Results from the REACH clinical trial demonstrate that hydroxyurea treatment is associated with a lower incidence of malaria in children with sickle cell disease (SCD) in sub-Saharan Africa, according to a study published in Blood.
The REACH clinical trial is a phase 1/2 prospective multicenter study of the use of hydroxyurea at a maximum tolerated dose for children with SCD living in sub-Saharan Africa. Children from 4 clinical sites received hydroxyurea at a fixed dose of 15 to 20 mg/kg per day for 6 months, followed by dose escalation to the maximum tolerated dose. Six hundred six children fully participated in the study.
“The primary results of REACH documented both the safety and feasibility of hydroxyurea treatment in this patient population, as well as expected benefits for both laboratory and clinical complications of SCD,” the authors wrote.
Nevertheless, around 50% of the participants of the study contracted malaria, which was an intriguing and unexpected observation. The investigators performed a longitudinal analysis of all malaria events reported in the REACH study to identify any links between hydroxyurea treatment and reduced malaria infection rates.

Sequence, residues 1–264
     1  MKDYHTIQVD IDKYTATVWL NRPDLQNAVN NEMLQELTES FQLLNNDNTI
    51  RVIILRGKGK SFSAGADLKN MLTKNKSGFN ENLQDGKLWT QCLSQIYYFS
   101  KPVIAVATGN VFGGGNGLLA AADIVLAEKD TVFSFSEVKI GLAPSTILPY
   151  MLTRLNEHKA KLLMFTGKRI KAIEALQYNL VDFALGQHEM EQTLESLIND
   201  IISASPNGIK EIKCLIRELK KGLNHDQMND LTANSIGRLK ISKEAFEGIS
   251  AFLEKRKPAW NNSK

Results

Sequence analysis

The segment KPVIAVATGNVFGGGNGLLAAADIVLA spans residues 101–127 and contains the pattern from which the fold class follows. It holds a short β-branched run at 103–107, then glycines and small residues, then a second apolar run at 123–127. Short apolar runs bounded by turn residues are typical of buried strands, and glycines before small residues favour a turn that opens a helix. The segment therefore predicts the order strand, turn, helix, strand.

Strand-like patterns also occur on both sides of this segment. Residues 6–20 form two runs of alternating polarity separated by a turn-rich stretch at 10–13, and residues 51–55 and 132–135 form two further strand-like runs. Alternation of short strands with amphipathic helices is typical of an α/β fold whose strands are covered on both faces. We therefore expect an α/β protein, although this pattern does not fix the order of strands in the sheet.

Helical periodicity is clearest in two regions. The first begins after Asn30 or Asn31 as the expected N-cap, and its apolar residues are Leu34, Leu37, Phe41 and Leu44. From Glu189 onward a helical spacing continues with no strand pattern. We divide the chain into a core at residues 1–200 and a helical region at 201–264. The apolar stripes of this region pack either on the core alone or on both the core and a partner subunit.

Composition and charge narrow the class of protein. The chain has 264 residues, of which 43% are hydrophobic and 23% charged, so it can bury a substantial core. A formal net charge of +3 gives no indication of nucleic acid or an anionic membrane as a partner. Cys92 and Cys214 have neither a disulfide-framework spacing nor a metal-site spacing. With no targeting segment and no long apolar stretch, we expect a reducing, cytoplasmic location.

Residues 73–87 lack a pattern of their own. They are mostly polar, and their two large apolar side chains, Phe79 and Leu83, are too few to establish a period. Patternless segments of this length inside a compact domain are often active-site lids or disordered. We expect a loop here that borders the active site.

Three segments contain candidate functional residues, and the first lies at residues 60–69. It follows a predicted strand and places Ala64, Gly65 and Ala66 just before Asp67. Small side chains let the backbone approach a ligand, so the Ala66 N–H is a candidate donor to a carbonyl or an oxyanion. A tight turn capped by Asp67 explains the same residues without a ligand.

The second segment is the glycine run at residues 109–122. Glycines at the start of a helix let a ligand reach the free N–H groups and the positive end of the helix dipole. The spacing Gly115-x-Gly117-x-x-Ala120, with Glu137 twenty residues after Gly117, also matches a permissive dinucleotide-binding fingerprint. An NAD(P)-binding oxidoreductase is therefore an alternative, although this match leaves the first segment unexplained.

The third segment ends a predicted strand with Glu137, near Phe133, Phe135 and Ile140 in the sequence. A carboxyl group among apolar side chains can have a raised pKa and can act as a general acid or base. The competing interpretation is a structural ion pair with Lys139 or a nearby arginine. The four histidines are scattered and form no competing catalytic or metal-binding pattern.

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To carry out their study, the research team conducted scheduled visits every month during the first year of treatment, which was reduced to once every 2 months and finally once every 3 months. During each visit, the research team inquired about their medical history and performed a physical examination; the spleen was also palpated.
During history-taking, the research team asked about signs and symptoms of malaria, including infectious treatment at other healthcare facilities. Any attachment to malaria was deemed “clinical malaria infection” and patients were treated accordingly. Aside from watchful waiting for the signs and symptoms of the disease, malaria rapid diagnostic tests could be performed at REACH clinical sites.
The authors of the study reported 717 malaria infections in the REACH cohort between September 2014 and January 2022 over 3387 patient-years of hydroxyurea treatment.
“In summary, hydroxyurea at maximum tolerated dose for children with SCD is associated with a significantly lower incidence of malaria infections; this association is greater at higher hydroxyurea doses and is sustained over time,” the authors wrote. “Since malaria is documented to cause frequent and severe anemia in children with SCD, understanding the clinically significant association between hydroxyurea and lower malaria incidence represents an important research goal while expanding hydroxyurea treatment across Africa.”
Olupot-Olupot P, Tomlinson G, Williams TN, et al. Hydroxyurea treatment is associated with lower malaria incidence in children with sickle cell anemia in sub-Saharan Africa. Blood. Published online November 16, 2022. doi:https://doi.org/10.1182/blood.2022017051